Aiming to lure more doctors to underserved parts of Hawaii and help reduce the student debt load in the state, the House-Senate conference committee in Hawaii is urging lawmakers to pass a bill that would provide funding for physicians to pay off a portion of their student debt.
Being touted as House Bill 916, the law would set aside $250,000 of state money that would help fund a physician student loan repayment program for doctors who choose to practice medicine in poorly served areas of Hawaii.
According to a report by Maui News, Senator Josh Green said the bill is a “bellwether piece of legislation” which needs to be approved. He told the Maui News that under the bill the state would get federal money that matches its investment which would give the program $500,000 a year for a total of $1 million over two years. Green estimates the funding will help reduce the student loans for twenty primary care doctors in an area that is facing the biggest shortage on the islands.
“I’m really happy that this is happening,” he said in the report, noting that on the Neighbor Islands the doctor shortage is extremely bad. The senator said patients on the Big Island typically wait two to three months to get in to see a doctor. Exasperating the problem is the fact that 31 percent of Hawaii’s physician workforce is nearing retirement age with predictions that within ten years 52 percent of doctors in Hawaii will be 65 years old or older, reported the Maui News.
When it comes to student loan debt, all sorts of graduates and non-graduates are struggling to get out from under it. For medical students it’s even worse given they typically owe a lot more than their undergraduate counterparts. According to the report, the average indebtedness for medical students is $235,000, with some owing between $300,000 and $600,000.
Across the country, the average cost in 2016 for a single year of attendance at a public medical school was $32,495, according to data from LendEDU. That jumps to $52,515 a year for private medical schools. That covers tuition and fees but not living expenses, books, and other coursework. As a result, LendEDU.com found many medical students are forced to take out private loans to bankroll their education. On an undergraduate basis the average student loan debt in Hawaii is lower than the national average of around $28,000. According to LendEDU data, college graduates in the state owe $23,574 on average.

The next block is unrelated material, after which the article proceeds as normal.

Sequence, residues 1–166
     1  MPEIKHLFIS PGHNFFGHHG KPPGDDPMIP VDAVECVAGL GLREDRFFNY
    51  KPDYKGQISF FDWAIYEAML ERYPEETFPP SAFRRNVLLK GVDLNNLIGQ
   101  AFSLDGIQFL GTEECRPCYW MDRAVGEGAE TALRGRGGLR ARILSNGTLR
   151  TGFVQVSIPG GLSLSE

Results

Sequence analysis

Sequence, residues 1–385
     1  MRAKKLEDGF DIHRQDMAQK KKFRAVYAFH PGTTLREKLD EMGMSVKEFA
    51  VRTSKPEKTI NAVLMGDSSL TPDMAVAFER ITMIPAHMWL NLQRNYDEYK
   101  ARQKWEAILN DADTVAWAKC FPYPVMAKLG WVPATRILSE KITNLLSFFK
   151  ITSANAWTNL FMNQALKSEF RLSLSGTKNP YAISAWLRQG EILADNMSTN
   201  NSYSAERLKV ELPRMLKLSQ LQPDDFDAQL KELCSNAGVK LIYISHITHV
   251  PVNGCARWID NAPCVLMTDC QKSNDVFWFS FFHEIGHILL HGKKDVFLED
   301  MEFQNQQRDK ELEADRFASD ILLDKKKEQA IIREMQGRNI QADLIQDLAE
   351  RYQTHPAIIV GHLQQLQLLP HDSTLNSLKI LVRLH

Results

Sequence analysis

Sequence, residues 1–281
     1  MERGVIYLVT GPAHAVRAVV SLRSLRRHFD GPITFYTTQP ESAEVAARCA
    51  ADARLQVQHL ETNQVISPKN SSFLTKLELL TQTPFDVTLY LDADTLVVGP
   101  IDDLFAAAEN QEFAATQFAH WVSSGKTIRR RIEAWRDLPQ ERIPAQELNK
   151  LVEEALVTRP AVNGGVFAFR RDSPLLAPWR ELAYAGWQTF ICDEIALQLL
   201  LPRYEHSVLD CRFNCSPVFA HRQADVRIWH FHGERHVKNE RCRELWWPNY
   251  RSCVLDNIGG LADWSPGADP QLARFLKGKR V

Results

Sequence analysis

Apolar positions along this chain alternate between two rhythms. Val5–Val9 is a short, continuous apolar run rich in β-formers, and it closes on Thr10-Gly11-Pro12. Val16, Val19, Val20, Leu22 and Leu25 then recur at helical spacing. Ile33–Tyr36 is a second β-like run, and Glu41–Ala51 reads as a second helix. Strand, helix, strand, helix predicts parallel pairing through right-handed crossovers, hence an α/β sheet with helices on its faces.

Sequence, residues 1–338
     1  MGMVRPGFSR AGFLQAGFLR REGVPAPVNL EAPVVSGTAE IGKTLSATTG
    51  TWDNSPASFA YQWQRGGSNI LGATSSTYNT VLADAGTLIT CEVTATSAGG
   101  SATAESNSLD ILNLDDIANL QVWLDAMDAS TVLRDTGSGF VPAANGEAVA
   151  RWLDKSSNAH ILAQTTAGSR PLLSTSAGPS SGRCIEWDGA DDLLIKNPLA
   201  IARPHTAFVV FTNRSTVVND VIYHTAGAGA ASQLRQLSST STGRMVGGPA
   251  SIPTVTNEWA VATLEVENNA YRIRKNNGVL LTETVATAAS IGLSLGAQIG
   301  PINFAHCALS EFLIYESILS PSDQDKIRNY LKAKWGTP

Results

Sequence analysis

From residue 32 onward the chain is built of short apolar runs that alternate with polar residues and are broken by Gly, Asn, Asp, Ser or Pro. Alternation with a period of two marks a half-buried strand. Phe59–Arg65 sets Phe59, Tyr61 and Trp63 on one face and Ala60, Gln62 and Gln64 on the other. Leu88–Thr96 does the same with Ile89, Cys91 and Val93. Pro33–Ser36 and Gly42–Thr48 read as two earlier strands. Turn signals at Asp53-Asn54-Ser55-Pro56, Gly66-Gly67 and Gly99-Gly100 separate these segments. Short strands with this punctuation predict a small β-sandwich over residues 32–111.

Given the shortage of primary care doctors and the cost of medical schools, lenders have also been stepping up to provide some relief, at least for a period of time. Last month Sallie Mae highlighted its Medical Residency and Relocation Loan, which is open to medical, dental, podiatry, or veterinary school students in their final year. Proceeds from the loan can go towards travel costs, board examination fees, and other costs associated with making the switch from student to doctor. The loan comes with zero origination or disbursement fees, and no prepayment penalties. The loan has a variable interest rate with starting rates ranging from a low of 3.82 percent to a high of 10.19 percent APR according to Sallie Mae in its press release.
Author: Dave Rathmanner
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